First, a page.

As soon as you start steering your snowboard down the fall line (into the new turn), you’re going to pick up even more speed so make sure you are feeling somewhat controlled and going slow before beginning the turn.
3) How to slow down on the snowboard using Terrain
This kinda touches the point I just made before as well, when I told you to steer your snowboard back up the hill to help reduce speed.
The idea behind using terrain is more geared towards intermediate and advanced snowboarders.
If you find yourself generating too much speed on those steep, Icy and bumpy trails, try and start thinking about using the banks or even built up snow banks (even moguls) to help wash away the speed before committing into the new turn.
This is especially helpful when riding double black diamond trails that have been tracked out from the previous powder day.
The point I’m trying to make is that on steep terrain, you goal is to get your snowboard through the turn phase and back across the fall line FAST. With steep terrain comes a lot more speed.
So be assertive in the edge change, soft in the legs, head looking into the direction of travel and use great flexion and extension….
REMEMBER: you have to release the pressure before you attempt the turn!
NOTE: Want to learn how to stay balanced and controlled when carving on a snowboard? Simply download this CARVING snowboarder roadmap to learn all aspects of learning how to carve. Learn what bad habits snowboarders make so you can AVOID them to progress faster and maintain balance and control easier…check it out now!
4) PIVOT TURN for slowing down when snowboarding!
Just to let you know, unless you’re an intermediate/ Advanced snowboarder who knows the correct techniques for actually slowing down on the snowboard…
‘Bringing the snowboard back across the fall line, strong basic stance and flexing down into the snowboard edge to slowly apply edge pressure’, then I guess it’s alright to use this technique.
Basically you’re going to perform a FAST pivot turn to bring your snowboard around…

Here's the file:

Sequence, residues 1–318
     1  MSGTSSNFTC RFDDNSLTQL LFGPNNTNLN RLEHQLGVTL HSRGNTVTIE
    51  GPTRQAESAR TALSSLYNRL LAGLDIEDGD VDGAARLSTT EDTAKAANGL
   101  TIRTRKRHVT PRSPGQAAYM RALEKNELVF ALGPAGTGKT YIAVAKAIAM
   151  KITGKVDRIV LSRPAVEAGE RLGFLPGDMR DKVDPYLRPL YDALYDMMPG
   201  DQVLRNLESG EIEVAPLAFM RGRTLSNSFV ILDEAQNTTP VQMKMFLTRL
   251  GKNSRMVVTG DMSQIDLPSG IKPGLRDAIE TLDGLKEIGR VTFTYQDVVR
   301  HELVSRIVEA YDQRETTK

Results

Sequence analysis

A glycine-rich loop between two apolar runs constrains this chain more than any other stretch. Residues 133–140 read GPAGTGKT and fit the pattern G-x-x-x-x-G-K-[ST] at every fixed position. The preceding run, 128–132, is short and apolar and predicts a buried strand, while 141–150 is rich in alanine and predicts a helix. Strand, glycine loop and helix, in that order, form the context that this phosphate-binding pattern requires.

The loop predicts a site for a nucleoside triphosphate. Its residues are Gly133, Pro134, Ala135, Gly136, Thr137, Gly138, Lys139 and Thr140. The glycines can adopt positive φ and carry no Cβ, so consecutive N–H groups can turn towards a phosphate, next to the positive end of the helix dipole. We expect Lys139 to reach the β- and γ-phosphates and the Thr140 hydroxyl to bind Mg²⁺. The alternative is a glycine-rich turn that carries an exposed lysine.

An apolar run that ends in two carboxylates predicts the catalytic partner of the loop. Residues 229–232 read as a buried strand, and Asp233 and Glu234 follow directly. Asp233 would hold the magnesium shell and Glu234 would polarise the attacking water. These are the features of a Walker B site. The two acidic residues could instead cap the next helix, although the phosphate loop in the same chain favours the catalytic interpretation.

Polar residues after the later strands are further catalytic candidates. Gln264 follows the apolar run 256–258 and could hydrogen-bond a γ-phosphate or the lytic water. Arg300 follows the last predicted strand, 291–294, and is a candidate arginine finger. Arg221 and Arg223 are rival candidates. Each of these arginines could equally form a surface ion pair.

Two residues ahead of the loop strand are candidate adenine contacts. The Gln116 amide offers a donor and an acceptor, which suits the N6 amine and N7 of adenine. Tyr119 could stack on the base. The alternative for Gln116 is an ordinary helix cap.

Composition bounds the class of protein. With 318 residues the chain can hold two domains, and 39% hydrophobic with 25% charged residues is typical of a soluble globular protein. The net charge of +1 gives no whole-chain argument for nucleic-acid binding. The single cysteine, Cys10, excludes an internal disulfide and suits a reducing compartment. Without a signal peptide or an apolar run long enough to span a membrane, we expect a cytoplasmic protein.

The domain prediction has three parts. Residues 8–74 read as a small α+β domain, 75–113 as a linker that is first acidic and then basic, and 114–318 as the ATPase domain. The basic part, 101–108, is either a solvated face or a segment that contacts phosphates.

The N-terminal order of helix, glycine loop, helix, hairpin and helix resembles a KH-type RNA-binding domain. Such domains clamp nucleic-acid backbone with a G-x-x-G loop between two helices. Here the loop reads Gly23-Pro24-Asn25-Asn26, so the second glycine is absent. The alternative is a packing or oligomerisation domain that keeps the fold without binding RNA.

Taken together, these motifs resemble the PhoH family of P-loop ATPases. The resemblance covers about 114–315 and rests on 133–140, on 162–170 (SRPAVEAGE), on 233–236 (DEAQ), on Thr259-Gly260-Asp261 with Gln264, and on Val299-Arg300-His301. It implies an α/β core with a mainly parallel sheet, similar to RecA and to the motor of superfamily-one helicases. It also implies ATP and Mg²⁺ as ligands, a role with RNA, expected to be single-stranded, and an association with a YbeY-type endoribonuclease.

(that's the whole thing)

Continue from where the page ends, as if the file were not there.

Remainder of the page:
Here’s how you do it:
This time before you turn, you’re going to keep your weight over the front foot and instead of making a smooth C Turn shape while flexing down with even weight to stop, you’re going to kick the back foot around so your snowboard comes back across the fall line super-fast and border lines a side slip pattern in the snow.
You must be using correct anticipation techniques to help with steering and remember to maintain a good basic stance at all times!
NOTE: This technique is better used for super steeps like Double and Triple black diamond terrain, your biggest problem will be trying to stop your legs from shaking (adrenalin) and trying to see what’s under your snowboard.
The different stopping techniques I have outlined above are your fundamental stopping techniques for stopping or slowing down, so learn them and adapt your riding depending on what type of terrain you are on.
Make sure you head on over to our ’CARVING LIKE A PRO’ Snowboarding Execution plan and watch all the step by step video tutorials we have in that module…Everything we covered here is in it, and some!
Final note: Speed is your friend when snowboarding, so the sooner you learn how to feel comfortable with it and your ability to tame it (stop correctly), your snowboarding will quite literally start going through the roof..